Bad visbility, good progress

Published on 15.12.2010 - One step at a time

After a tough start, the pair Ter Horst/McKeand (client and guide) is achieving quite good mileage every day. This despite an almost constant poor visbiliy and the days of white out they encounter on their way to their next resupply.

On 14 December, the day 19 of his expedition, Willem Ter Horst wrote some interesting lines about the fact of being every day confronted to the famous white out. "... Today we were skiing in a glass of milk, as Hannah and Devon use to say. During about half the day contrast was absolutely nil, and I couldn't tell what was up or down, everything looked exactly the same wherever you looked. All was the same colour white. It drove me crazy at times. Especially during my third turn at navigation it got to me. I had been feeling dizzy for quite a while and keeping my balance when you can't see but only sense what direction the ground is tilted in wasn't easy. I had fallen, or nearly fallen a few times already and was desperately trying to find some point of reference. So I looked around and lost track of my course. The only useful point of reference is the direction my compass needle is pointing in, and I still have to learn to trust only that. Overall we didn't even do badly. We managed to 14.4 nm and are now at 83°31.4'S. Pretty good progress on a day I was struggling."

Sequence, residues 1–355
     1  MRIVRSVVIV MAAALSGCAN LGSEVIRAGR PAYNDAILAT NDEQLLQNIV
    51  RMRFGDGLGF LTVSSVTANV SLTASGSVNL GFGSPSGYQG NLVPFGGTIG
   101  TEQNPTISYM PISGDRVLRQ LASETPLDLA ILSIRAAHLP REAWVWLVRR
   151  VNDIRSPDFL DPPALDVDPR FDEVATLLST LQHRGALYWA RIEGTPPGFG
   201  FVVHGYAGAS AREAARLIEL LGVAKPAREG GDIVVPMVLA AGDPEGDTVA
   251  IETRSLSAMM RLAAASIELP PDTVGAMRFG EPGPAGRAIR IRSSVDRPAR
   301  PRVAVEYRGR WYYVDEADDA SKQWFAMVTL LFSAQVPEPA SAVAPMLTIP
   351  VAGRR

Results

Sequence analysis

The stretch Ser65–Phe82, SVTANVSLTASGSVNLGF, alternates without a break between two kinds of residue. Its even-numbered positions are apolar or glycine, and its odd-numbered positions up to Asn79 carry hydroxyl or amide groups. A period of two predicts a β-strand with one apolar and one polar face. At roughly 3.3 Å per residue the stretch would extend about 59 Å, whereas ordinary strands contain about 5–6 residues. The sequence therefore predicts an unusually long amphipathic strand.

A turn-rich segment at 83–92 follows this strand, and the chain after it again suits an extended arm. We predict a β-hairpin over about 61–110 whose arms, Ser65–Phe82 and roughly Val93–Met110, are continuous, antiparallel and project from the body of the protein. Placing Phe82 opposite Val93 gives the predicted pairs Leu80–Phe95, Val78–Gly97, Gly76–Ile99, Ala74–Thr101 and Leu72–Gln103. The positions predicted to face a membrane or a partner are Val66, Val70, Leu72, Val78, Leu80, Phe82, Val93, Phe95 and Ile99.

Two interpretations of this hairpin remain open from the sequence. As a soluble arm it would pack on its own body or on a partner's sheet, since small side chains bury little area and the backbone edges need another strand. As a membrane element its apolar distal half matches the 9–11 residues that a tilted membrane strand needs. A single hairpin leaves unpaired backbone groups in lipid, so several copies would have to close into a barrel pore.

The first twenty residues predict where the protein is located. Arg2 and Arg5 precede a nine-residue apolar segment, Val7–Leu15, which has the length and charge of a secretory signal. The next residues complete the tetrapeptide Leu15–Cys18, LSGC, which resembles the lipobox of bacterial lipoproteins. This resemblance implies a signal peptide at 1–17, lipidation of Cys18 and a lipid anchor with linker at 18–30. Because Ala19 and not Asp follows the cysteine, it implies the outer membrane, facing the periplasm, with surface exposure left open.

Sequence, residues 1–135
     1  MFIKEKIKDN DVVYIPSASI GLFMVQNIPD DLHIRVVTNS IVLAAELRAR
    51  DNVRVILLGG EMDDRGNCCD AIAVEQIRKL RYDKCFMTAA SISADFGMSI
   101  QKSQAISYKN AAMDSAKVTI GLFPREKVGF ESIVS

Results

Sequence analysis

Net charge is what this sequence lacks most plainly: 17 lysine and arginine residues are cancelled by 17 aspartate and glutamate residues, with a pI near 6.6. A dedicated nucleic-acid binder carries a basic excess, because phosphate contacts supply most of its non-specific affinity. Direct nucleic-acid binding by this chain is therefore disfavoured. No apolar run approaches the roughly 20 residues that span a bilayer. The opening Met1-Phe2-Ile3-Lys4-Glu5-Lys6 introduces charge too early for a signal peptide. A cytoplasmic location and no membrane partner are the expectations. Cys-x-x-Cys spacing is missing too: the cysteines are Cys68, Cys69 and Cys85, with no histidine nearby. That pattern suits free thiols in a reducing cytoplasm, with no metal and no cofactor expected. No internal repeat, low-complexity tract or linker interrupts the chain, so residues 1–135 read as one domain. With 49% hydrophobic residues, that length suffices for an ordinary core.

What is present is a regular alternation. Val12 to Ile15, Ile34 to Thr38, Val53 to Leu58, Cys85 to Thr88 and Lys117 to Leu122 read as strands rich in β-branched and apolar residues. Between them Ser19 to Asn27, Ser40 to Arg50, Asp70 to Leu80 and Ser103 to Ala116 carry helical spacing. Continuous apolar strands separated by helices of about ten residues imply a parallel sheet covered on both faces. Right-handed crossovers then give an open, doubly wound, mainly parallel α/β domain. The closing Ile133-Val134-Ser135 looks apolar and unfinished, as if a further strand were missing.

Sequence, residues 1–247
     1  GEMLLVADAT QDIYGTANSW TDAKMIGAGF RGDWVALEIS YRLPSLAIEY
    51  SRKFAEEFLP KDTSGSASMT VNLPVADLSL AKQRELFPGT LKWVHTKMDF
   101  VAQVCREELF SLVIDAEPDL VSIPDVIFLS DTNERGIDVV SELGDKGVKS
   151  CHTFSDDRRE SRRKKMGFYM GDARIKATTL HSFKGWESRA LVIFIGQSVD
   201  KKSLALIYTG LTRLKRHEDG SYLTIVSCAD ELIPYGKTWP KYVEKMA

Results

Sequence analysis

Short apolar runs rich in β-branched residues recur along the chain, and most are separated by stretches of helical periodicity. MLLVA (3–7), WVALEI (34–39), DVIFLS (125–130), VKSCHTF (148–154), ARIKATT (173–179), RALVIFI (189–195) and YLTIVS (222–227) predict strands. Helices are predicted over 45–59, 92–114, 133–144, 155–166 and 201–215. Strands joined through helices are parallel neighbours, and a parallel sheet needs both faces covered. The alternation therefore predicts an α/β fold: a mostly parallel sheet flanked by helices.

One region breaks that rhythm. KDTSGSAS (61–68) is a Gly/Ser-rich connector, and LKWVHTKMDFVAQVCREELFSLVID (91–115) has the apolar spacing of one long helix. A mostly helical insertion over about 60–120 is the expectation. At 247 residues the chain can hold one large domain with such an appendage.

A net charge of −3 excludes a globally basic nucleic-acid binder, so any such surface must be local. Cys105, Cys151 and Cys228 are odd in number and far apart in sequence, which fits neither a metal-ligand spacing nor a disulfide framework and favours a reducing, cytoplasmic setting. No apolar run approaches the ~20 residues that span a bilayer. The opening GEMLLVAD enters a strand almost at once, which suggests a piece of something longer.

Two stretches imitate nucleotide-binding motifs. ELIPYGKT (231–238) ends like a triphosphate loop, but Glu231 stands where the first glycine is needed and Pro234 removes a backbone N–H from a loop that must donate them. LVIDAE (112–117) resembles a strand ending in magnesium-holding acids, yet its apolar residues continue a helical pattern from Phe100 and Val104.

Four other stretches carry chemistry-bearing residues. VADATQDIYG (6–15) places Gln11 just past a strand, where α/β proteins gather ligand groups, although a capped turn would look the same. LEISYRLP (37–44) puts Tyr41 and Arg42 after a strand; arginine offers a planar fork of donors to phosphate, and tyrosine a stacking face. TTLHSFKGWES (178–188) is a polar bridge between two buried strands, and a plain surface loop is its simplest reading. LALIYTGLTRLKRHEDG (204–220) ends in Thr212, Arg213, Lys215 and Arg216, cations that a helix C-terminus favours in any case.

And he continues : "It must be said that Hannah's navigation and speed in these circumstances is very good and I had trouble keeping up. One of the good things about such a day is that my mind starts to wander. Ideally I would listen to music and the time would pass easily. My two music players have stopped recharging and played their last song four days ago. This gives me a lot of time to think. For now it's mostly been reflecting on what my life has been like so far; what I liked and what I didn't like. Sometimes I also think about this expedition. Why do I put myself through the misery of skiing 8 hours a day everyday? I've come to the conclusion that I appearently have a point to prove. To whom and what I am not sure yet. Maybe I'll elaborate a bit further in future blogs, if my thoughts become more coherent. For now I am happy to just reflect and look forward to the insights it will bring me. I haven't decided what I am willing to share and what I won't, but I'll get to that in due time. It's good to let my thoughts develop for a while. ..."

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